The departing director of the BOEM is confident that operators, service companies and regulators can continue to work together.
Offshore Energy Today is sharing the following article with permission from OTC 2014.
Two months after the Deepwater Horizon catastrophe, Tommy Beaudreau was brought on board to help evaluate the effectiveness of the U.S. Minerals Management Service (MMS).
It was to be a six-month stint. Four years later he’s finally moving on. Beaudreau has spent those four years as director of the Bureau of Energy Management (BOEM), which, along
with the Bureau of Safety and Environmental Enforcement (BSEE), have replaced the MMS as the primary regulators for energy development in the U.S.
He will soon be transitioning into his new role as assistant secretary for policy, management and budget in the Department of the Interior. This transition caused Beaudreau to look back on the post-Macondo years during a talk titled “The Latest Offshore Policy Developments in the Department of the Interior.”
Having joined the department at a time when oil was still gushing into the Gulf of Mexico (GoM) from the blowout, Beaudreau said he was “heavily invested personally” in helping to implement changes and improvements in the regulatory environment. “It’s a reflection of my appreciation of the importance of this industry and our reforms and personnel in BOEM and BSEE,” he said, adding that the talk was “a natural time to reflect on how far we’ve come as well as opportunities and challenges.”
After Macondo, there were tough questions being asked about the offshore industry, he said. “Is deepwater drilling safe? Why did it take so long to respond to the disaster? Is the MMS independent enough from the industry? Four years later, BOEM and BSEE are viewed as smart and competent regulatory bodies that have the publics trust,” he said.
This industry is key to realizing the economic potential and energy security opportunities for growth and expansion in new frontiers,” he said. “High standards and high expectations are needed.”
The industry has risen to the challenge as well, he said. “It’s amazing the know how and skill the industry puts into drilling wells the right way,” he said. “I am extremely happy with the way the industry has stepped up in response to Macondo.”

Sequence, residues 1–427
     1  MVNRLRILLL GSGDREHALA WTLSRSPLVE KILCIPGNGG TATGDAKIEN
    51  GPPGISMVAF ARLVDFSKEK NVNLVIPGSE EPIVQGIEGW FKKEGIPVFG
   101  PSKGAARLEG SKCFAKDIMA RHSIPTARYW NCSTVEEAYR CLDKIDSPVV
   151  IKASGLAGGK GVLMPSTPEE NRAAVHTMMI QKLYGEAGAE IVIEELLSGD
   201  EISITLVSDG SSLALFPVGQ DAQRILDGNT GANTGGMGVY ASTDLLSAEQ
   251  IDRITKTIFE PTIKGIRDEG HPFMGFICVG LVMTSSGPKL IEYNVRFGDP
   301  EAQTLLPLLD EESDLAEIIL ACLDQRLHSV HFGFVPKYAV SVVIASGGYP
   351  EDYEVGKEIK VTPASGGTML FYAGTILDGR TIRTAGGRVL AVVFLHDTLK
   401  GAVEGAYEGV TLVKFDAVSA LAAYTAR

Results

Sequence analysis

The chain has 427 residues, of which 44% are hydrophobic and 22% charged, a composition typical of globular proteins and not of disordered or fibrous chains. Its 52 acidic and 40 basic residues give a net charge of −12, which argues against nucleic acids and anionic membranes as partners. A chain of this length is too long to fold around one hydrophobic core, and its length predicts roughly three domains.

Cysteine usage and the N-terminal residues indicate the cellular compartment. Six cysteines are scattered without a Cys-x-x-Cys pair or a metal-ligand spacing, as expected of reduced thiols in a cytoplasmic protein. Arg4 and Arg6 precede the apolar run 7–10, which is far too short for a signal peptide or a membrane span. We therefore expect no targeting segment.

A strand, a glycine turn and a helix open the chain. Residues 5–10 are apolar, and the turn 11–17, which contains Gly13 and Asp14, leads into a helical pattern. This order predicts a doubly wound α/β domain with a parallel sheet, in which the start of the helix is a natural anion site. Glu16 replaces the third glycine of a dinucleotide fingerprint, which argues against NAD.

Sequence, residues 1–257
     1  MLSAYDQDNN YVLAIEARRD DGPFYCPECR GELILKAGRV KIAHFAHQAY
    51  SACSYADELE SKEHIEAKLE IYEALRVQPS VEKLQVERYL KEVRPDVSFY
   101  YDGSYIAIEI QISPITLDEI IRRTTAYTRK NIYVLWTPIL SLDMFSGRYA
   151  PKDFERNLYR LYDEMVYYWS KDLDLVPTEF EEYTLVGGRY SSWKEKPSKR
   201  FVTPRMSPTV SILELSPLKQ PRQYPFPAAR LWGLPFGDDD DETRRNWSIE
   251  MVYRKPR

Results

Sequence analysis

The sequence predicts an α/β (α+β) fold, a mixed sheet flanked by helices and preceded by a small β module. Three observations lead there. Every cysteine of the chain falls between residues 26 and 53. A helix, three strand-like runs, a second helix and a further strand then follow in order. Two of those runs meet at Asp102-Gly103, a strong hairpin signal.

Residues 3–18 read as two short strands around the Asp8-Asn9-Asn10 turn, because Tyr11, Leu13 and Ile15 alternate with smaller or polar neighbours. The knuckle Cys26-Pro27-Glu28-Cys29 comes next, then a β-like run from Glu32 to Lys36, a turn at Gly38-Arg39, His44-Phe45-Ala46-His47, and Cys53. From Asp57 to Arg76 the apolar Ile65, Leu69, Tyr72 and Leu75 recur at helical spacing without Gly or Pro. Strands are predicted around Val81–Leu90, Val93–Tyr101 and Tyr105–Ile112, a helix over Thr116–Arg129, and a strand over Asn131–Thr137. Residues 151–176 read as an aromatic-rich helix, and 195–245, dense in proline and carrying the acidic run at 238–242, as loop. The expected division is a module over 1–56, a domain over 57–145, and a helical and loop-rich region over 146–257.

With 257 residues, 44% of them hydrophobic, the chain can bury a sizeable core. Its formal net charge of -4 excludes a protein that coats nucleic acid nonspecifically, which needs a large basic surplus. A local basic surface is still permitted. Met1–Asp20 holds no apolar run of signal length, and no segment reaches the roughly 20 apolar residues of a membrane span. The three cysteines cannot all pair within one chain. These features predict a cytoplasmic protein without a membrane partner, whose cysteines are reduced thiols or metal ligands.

When asked if Macondo is now in the past, Beaudreau responded, “We carry the lessons with us every day. There is a need for constant vigilance to avoid complacency.”
Looking ahead, Beaudreau outlined several areas of continued development. The first question many operators ask regards access to federal lands. The agency is kicking off planning for the 2017 to 2022 five-year leasing plan, and the GoM will continue to be at the forefront of that attention.
“The Gulf of Mexico will always be the centerpiece of the U.S. offshore energy portfolio,” he said. “It’s one of the most mature basins in the world in terms of infrastructure and one of the most robust in terms of industry performance. “Its here to stay and will be here for a long time.”
He added that the BOEM recently completed a programmatic environmental impact statement studying the effects of geological and geophysical activities in the mid and South Atlantic. This has led to a set of mitigation plans that are fundamental to any lease sales that might eventually be held.
Another trend is arctic exploration and development. Being from Alaska, Beaudreau said, causes him to think of the U.S. as an arctic nation (despite the warm and humid weather surrounding the Reliant Center during the talk). The U.S. will take over the chairmanship of the Arctic Committee next year, helping to set the agenda, including energy development “in a challenging environment that has enormous resource potential.”
“It’s important for the U.S. to show leadership in this area,” Beaudreau said.
A third trend is safety regulations, particularly when it comes to BOPs in deepwater. The agencies have been criticized for taking their time establishing new rules for BOPs, but Beaudreau countered this criticism by saying, “It takes time to get this right. We need strong standards for BOP performance and well control. We need a smart rule that works with the industry.”
Regulatory development continues. Beaudreau noted that many of the rules governing the GoM date back to shallow-water exploration and development on the shelf. “Regulations never really keep pace,” he said, adding that emerging HP/HT and subsalt plays will require more modern regulations.
Finally, decommissioning is an issue that continues to require collaboration between industry and regulators. “Again, we need to be smart and cognizant of the cost to the industry,” he said. “It’s our obligation to ensure proper regulations for plugging and abandoning along with decommissioning of aging facilities.”
During the summer, BOEM will be sending out an advance notice of public rulemaking inviting stakeholders, including the industry, to provide feedback on decommissioning regulations, he added.
As he closed, Beaudreau expressed his appreciation to the audience. “I thank all of you for working with me,” he said. “We went through some very difficult times. One of the things I’m most proud of is looking at this industry, how it responded and how it’s stronger today than ever.”